LTW : Why did you get Loop back together after all this time and also after exploring very different musics in Main etc. where it seemed like you were retreating from that sound and guitars Did you feel curious about the possibilities of the guitar again?

Loop : Lots of reasons, a little bit of everything really. So many people over years like Barry Hogan at ATP had been nagging at me for years to reform. It was a very weird situation and up until 2 years ago if anyone had said anything to me about reforming I would have said not that I was not interested. What it was, was that something clicked though and I thought I could do it again but it was not at the front of my mind at the time the possibilities of recording new material that was not part of my way of thinking but it seemed like a lot of people wanted to see it and were interested and it felt like the decent thing to do for me.
It was interesting because I had been so long not going near guitars, that was for 22 years and I suddenly found myself wandering around the guitar shop district of Paris looking at guitars again after not having the equipment like that for all that time I bought myself a Fender and then sat there reacquainting myself with the guitar again. There was a few people talking seriously about doing Loop again and obviously the ATP people were really interested in us reforming and it moved on from there and I thought if I ever really truly do it then this was the time to do it and see what happens.’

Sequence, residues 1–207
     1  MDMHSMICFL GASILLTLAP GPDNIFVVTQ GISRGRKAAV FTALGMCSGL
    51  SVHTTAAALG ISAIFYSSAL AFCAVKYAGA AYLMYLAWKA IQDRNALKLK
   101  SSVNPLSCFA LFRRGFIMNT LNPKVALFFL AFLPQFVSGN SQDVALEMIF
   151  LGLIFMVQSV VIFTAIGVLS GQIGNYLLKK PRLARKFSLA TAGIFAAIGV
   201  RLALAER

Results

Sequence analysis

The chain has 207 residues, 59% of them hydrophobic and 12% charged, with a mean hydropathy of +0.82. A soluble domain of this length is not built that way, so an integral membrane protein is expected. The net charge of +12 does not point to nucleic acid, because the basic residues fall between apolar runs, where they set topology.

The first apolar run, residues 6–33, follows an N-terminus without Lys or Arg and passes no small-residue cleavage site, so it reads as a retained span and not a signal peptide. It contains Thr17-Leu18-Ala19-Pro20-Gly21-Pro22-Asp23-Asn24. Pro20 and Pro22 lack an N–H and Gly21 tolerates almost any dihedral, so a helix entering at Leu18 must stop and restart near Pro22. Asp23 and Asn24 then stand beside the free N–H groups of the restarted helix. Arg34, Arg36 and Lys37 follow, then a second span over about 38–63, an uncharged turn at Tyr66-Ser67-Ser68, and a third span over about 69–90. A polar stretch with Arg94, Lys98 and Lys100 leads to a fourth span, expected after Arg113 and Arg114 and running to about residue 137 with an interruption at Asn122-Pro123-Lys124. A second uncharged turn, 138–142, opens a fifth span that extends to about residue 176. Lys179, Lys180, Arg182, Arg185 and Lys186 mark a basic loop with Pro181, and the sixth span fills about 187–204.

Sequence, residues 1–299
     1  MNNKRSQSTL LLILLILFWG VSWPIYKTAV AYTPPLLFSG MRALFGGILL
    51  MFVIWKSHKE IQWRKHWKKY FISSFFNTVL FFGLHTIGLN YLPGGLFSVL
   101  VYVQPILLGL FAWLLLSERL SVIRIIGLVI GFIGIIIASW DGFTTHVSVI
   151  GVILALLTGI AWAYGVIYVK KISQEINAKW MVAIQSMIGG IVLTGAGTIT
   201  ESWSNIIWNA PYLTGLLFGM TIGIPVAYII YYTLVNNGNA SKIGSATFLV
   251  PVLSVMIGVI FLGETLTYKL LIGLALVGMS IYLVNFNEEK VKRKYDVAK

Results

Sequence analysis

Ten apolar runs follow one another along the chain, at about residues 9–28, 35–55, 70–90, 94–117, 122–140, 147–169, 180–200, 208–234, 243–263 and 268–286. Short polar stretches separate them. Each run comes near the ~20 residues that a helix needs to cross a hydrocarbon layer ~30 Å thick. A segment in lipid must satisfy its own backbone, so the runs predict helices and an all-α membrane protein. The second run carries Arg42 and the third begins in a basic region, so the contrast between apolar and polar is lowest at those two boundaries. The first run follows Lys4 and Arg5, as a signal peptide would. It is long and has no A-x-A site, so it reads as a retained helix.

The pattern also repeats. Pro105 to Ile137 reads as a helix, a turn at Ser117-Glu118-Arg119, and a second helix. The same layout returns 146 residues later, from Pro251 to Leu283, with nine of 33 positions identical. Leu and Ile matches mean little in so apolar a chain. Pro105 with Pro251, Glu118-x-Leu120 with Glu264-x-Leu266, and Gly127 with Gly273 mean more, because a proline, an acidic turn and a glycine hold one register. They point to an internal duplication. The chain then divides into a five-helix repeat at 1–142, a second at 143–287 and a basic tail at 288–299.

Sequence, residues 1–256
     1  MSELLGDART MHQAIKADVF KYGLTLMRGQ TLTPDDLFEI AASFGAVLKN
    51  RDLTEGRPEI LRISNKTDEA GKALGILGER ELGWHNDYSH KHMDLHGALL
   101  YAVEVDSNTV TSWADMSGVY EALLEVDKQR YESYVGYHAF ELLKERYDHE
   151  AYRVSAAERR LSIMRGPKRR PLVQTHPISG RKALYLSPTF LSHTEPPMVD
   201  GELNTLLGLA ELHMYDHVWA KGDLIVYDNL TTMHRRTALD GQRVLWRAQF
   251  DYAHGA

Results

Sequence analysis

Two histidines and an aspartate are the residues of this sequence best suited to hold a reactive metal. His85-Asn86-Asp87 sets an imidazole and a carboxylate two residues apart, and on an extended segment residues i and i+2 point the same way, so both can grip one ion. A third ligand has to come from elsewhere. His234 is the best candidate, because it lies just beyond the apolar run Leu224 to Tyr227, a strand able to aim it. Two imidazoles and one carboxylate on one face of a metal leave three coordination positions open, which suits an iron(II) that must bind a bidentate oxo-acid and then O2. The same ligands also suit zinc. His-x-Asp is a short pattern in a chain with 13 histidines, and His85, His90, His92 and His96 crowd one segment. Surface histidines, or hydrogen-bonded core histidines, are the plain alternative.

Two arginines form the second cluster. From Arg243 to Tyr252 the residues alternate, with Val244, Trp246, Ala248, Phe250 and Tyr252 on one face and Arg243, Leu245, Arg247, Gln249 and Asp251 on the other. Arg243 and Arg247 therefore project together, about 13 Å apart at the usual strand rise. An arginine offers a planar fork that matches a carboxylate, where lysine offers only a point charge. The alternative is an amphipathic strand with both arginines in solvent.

LTW : Had you really not played guitar all that amount of time!

Loop : ‘Up until about a year even before ATP had announced the reform iI had honestly not picked a guitar up for at least 20 years, if not longer. I’m not the most adequate guitar player so it was not that hard for me to go back to it. For me it was literally it was like literally going back to the start again and buying some new pedals and sitting around at home and finding out what sounded good. I had actually started doing some new Main music that had guitar in as well so that was running in parallel and when people asked me about it and said we should do again I thought about it seriously and then put out the idea to the other members to see what they thought and they agreed.And it didn’t take long for us to find our way back into it. Once ATP found out they asked us to do the last ATP which we agreed to go ahead and do it and booked shows around it and the next thing you know we are in rehearsal- ten days rehearsal in Wales and that’s it! back on the road again!”